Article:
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    Friday, June 21, 2024

    Board votes against adding opioid addiction to medical marijuana conditions

    Opioid addiction won't be added to the list of conditions that qualify people for a medical marijuana card, a panel of doctors decided Monday morning.

    After tabling the decision at a meeting in February so members could seek more information, the Department of Consumer Protection's Board of Physicians decided not to recommend allowing people with opioid use disorders or withdrawal symptoms to be treated with medical marijuana.

    The board meets regularly to consider proposals to add new conditions to the list of 22 diagnoses, including cerebral palsy, cystic fibrosis and post-traumatic stress disorder, that can qualify applicants for a medical marijuana card.

    Connecticut's medical marijuana regulations — passed in 2012 with 11 approved conditions: cancer, glaucoma, HIV or AIDS, Parkinson's disease, multiple sclerosis, epilepsy, cachexia, wasting syndrome, Crohn's disease and post-traumatic stress disorder — have been updated through the regulatory process twice since then, adding six new conditions. Another five were added to the list with a 2016 bill that legalized medical marijuana for children with certain conditions like cystic fibrosis.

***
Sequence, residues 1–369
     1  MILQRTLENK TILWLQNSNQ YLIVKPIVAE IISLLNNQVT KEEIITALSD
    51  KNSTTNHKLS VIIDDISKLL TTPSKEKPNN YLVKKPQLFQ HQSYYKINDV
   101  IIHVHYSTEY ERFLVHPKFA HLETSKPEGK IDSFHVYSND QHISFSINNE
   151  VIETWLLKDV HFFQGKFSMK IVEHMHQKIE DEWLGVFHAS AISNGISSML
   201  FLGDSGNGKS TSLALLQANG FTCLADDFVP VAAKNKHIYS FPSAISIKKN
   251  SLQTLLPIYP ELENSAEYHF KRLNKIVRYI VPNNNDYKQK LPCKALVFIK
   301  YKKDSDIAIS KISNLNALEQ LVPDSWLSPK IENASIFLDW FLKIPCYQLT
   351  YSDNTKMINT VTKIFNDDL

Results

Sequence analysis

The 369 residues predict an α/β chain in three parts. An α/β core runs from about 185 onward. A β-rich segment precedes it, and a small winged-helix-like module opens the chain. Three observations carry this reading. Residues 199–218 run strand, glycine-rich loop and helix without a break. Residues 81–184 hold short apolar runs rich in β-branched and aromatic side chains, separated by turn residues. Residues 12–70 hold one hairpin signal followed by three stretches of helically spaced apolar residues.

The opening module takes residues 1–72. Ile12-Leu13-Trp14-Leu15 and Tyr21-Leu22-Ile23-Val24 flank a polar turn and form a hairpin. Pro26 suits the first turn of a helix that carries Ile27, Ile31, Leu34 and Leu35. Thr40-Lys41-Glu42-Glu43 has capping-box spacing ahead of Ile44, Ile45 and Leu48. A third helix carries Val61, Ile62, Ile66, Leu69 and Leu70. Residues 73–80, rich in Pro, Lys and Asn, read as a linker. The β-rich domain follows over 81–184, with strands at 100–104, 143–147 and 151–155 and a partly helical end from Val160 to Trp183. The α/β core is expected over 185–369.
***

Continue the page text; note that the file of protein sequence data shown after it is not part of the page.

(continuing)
In February, the board of physicians first considered a petition to add opioid use disorders and withdrawal symptoms to the list, which would have made Connecticut the first state to approve them for treatment with medical marijuana.

    At Monday's meeting they recommended adding a new condition to the list of conditions approved for adults: chronic neuropathic pain associated with degenerative spinal disorders.

    The state commissioner of consumer protection reviews the Board of Physicians' recommendations before the legislature's Regulations Review Committee makes a final call on whether the conditions can be added to the medical marijuana program list.

    At the February meeting, the board voted to recommend allowing both adults and children to use medical marijuana to treat osteogenesis, a group of bone disorders, but rejected a proposal to add albinism and nystagmus  — repetitive, uncontrolled eye movements associated with albinism — to the list.


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